Questions From Our Readers
I am a Franco American trying very hard to rediscover my French. I am at my wit’s end with questions asked of me: “Do you speak real French or Québecois?!” I know you surely have heard this before. But here is my question: How did it happen… historically, politically… that speaking French in Canada became known as Québécois, implying a language (dialect?) other than French? Did the expression le québecois originate from the people of Québec who themselves wanted to identify their “parler français” as their own, and for what reason? Or did the term come from elsewhere? It seems to me that the French spoken in Québec, Canada and New England is French. People in Mississippi do not say they speak Mississippian because their accent or certain expressions are proper to them. Read more »
Photo : Bernard Gagnon/CC 3.0
There’s nothing recent about Catalonia’s move towards independence. In fact, few may be aware of just how far back in history the roots of Catalonia’s “difference” go.
Catalonia has always been on the outskirts of Spain. Geographically close to France, it actually started out as part of France, 1200 years ago. The French originally founded it as a buffer kingdom to prevent Muslims, who ruled Spain at the time, from moving north and taking over France.
In its early centuries, the Catalan language also travelled a path distinct from the other tongues spoken on the Iberian Peninsula. Catalan started out as one of a myriad of Latin-based Romance dialects spoken in the dozens of duchies and kingdoms that covered the Iberian Peninsula. In the Middle Ages, the Kings of Castile gradually conquered Spain during the Reconquista and drove out most of the other languages spoken on the Peninsula, in favor or Castilian. The Catalonians, along with the Basques and the Portuguese, were among the few groups that managed to keep the Castilians at bay. So their languages survived.
Throughout the Middle Ages, as the Castilians kept spreading their power throughout the Iberian Peninsula, Catalonia continued to elude Castile’s control. At the beginning of the 18th century, one Castilian king tried to change this. Spain’s Felipe V understood how language could help him in spreading his own power. So he outlawed Catalan as an administrative language, forbade its teaching, and stripped Catalonia of its capacity for self-rule. Predictably, the language declined. Read more »
By Julie Barlow
I love this piece Peggy Curran wrote in the Montreal Gazette about the emerging “Frenchified” English dialect of Montrealers: “Montreal English has a true je ne sais quoi”. It’s always fun when a journalist holds a mirror to your own linguistic peculiarities. For those of us who live and work in French, code-switching really is about as natural and unconscious as…breathing.
But one point she made really struck me (and she’s citing an expert): the fact that English is now in the “socially inferior position” in Montreal. Read more »
Comments From Our Readers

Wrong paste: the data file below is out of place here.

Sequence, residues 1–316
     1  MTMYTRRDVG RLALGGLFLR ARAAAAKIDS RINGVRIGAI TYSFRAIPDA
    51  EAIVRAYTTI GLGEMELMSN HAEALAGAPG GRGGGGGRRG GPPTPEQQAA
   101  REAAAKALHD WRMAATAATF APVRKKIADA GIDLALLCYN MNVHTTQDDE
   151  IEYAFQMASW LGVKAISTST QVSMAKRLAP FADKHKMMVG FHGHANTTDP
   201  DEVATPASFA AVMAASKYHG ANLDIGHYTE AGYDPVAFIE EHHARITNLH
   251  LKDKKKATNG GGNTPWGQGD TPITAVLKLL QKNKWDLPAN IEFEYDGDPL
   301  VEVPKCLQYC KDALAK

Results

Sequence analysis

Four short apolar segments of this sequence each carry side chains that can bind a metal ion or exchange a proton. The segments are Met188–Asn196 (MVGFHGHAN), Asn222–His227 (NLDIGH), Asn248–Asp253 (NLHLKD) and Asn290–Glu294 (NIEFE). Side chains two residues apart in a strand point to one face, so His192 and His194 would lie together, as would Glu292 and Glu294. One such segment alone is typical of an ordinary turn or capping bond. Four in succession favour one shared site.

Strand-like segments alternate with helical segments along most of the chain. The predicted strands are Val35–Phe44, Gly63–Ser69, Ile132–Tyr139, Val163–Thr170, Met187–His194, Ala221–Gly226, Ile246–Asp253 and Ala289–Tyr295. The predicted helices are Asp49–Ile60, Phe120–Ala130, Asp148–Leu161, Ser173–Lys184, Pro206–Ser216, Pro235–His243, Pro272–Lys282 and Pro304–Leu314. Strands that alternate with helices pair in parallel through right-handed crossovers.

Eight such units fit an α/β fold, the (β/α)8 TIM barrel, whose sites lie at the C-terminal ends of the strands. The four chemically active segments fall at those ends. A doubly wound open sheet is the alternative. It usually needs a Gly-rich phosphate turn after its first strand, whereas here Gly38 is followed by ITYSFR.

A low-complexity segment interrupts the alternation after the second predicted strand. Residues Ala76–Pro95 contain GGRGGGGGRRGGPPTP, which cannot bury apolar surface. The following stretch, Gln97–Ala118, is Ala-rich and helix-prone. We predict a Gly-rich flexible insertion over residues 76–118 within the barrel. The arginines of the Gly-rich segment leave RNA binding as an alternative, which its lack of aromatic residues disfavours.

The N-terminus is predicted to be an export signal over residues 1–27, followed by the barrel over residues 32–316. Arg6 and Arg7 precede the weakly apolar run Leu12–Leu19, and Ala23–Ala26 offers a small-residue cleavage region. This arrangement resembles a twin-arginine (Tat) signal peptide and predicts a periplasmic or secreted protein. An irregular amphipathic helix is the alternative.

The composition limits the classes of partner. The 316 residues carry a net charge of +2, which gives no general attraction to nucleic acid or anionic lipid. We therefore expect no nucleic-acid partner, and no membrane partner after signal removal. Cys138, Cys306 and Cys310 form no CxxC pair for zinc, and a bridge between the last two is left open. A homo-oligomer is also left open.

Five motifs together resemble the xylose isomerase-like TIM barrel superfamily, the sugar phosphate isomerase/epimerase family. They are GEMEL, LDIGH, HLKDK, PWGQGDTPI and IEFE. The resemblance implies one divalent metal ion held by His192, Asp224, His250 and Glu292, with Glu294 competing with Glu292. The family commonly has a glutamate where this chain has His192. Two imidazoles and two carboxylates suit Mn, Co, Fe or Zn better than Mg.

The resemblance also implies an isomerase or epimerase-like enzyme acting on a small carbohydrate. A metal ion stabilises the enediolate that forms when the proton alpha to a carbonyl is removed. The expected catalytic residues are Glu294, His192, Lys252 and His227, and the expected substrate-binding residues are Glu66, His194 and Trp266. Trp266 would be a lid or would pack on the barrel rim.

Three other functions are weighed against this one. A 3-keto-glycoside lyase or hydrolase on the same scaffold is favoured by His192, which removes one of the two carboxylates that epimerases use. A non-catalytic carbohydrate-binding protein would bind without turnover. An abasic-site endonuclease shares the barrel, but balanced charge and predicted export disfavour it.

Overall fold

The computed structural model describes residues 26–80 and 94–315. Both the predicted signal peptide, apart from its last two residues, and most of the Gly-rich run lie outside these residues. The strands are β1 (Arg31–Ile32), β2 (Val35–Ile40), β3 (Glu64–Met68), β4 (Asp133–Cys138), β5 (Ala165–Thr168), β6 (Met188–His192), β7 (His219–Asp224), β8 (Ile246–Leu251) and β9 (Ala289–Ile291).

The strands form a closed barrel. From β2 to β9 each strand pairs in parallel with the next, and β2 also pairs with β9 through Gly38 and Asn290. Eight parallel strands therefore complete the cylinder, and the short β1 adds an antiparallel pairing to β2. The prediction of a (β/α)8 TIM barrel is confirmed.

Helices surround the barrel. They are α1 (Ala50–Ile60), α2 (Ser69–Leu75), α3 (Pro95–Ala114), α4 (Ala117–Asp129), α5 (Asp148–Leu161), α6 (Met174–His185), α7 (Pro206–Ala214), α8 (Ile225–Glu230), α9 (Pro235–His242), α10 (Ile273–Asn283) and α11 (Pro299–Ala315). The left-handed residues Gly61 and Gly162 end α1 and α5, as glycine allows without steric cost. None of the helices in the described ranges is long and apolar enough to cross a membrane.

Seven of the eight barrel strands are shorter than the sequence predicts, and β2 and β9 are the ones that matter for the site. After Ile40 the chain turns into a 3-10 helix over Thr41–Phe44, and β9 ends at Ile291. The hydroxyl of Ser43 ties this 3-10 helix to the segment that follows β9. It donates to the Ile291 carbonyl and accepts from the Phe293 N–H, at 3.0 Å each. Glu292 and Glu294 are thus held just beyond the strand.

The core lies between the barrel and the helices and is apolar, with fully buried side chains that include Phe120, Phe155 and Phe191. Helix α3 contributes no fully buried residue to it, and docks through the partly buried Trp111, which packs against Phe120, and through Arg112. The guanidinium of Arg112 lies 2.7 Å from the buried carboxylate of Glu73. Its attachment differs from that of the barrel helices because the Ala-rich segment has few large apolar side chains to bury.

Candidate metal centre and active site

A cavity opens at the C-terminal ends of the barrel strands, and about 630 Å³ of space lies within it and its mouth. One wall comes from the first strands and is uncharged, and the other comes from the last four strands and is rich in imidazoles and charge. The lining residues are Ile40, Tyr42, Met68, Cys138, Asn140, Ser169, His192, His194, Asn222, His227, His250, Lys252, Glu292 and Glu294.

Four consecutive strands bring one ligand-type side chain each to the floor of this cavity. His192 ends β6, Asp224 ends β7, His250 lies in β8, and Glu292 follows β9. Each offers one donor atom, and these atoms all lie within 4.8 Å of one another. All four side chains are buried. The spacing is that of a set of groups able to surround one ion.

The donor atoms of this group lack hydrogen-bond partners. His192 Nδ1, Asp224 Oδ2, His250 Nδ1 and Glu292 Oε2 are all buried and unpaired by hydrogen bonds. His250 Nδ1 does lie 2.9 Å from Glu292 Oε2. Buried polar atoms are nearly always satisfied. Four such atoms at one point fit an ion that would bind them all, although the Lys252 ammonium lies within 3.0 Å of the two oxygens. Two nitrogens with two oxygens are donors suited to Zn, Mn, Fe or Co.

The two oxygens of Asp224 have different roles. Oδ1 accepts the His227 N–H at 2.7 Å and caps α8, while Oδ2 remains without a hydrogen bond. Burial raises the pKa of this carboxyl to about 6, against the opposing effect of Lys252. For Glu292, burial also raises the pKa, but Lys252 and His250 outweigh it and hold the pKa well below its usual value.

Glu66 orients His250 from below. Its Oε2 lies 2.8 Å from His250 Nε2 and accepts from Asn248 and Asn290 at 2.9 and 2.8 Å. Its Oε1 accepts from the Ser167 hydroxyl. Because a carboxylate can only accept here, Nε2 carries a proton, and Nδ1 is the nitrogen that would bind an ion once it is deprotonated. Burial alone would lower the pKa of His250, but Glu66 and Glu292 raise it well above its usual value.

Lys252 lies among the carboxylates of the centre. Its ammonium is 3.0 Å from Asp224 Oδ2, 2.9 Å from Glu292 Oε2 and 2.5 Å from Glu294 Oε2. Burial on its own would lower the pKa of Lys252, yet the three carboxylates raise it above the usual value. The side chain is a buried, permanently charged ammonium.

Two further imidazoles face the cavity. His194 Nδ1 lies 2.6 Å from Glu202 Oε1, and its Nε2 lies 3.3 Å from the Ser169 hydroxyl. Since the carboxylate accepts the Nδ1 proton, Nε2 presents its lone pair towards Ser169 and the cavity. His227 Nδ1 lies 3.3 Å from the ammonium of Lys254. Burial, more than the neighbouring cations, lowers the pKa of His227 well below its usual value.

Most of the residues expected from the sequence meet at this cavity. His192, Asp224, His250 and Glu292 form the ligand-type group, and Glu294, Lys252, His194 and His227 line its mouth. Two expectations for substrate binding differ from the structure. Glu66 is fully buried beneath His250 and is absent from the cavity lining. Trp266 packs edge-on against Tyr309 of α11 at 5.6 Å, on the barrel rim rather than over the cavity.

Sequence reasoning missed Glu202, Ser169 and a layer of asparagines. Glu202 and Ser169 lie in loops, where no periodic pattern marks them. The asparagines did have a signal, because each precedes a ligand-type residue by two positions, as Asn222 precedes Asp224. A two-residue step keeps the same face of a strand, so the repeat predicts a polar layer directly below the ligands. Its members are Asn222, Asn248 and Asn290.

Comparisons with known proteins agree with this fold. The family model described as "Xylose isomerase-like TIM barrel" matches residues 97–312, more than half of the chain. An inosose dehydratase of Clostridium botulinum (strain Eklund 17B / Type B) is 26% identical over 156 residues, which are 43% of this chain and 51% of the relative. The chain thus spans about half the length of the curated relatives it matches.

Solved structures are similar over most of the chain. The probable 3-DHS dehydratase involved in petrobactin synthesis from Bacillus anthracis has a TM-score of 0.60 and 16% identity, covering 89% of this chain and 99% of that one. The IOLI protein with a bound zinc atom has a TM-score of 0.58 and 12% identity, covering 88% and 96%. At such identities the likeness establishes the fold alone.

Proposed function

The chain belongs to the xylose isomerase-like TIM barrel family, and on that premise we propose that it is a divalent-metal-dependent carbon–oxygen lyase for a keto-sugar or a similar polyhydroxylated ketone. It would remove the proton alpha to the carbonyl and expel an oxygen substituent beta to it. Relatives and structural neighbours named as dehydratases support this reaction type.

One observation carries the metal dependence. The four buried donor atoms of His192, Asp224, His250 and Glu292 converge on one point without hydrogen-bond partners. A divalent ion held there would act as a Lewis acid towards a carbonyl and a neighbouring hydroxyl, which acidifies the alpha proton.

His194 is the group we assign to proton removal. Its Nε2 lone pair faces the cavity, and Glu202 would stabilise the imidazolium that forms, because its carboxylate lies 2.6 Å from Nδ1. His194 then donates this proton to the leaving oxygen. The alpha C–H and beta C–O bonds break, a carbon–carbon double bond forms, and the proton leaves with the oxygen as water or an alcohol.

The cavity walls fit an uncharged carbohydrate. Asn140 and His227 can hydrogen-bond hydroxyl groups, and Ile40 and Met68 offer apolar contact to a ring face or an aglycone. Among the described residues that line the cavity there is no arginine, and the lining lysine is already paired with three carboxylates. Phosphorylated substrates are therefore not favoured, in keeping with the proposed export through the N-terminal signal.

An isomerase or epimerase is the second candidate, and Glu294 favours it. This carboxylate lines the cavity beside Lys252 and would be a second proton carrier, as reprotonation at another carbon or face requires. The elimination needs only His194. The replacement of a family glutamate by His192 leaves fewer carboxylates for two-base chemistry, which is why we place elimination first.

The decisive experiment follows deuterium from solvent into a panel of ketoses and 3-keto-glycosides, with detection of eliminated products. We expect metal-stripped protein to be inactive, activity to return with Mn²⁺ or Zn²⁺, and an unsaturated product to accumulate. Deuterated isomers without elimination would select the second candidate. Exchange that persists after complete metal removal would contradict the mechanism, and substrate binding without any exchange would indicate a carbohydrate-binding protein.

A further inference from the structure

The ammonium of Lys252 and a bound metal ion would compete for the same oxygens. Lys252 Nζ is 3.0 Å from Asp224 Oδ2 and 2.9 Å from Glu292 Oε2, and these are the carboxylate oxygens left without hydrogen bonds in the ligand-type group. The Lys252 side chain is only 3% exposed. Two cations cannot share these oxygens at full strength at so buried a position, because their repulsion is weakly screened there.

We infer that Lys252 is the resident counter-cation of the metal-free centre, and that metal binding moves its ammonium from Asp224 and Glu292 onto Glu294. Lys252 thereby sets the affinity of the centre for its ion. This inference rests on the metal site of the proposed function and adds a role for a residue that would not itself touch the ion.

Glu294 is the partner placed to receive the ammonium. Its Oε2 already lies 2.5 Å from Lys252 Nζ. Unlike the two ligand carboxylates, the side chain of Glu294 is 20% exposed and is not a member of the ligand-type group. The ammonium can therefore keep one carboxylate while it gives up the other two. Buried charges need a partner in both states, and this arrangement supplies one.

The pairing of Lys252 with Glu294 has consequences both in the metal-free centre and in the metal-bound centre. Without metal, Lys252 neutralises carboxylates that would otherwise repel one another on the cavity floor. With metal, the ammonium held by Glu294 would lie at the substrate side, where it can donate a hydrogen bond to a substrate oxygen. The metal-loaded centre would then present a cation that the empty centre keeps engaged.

Quebec French is a dialect (or rather a sprachbund of closely related dialects), much like Metropolitan French. The fact that the prescriptive norms of written French in Quebec, France, and everywhere else in the French speaking worlds are essentially identical and entirely mutually intelligible does not change the fact that the two places use difference expressions, have different slang, speak with different accents (though there is actually considerable accent diversity, even within Quebec and within France), and even get separate dubbings for some imported television programs. A speaker from Tours, France who has never heard a Quebecois speak French would have little trouble understanding a Radio Canada news broadcast or a speech by Jean Charest, but some Loco-Locass songs would be half-incomprehensible.
Thanks for your comment Josh. About the French from Radio Canada vs Loco-Locass songs, the same could be said of CBC English and songs by the Barenaked Ladies (a Brit would understand the first, but probably be pretty mystified by a lot of the colloquial language of the second).
The problem is perhaps the definition of the word “dialect.” The intent of the original blog post is to deflate a persistent myth that Quebeckers actually speak a different language than the French. They don’t. They speak a variety of French with local inflections, but it’s not a different language, with a different grammar. Read more »
The precursor to the World Wide Web was called Minitel. Launched in France in 1982, these chunky brown machines are now relics in history museums. But at the time, the Minitel was an innovative technological and industrial success story.
Interestingly, it was the French who introduced the concepts serveur, fournisseur de service and autoroute de l’information, which were translated into English as server, service provider and the information superhighway. In Minitel’s last days, an odd Entrer (enter) key was introduced to their keyboards – that simple idea was replicated on every computer in the world.
This shows that objects have a language, too. Read more »
If you’re a Quebecker, you’ll probably recognize the background music playing on our speaking page. It’s Quebec singer-songwriter Martin Léon’s song “C’est ça qui est ça”. (And YES, we paid for the right to use it.)
If you’re not a Quebecker, Martin Léon is big star on the Quebec music scene. He’s still pretty young so he’s bound to become an even bigger star, maybe even what you call a monument in Quebec. Other Quebec musicians are starting to record his music, so that’s a good sign. Read more »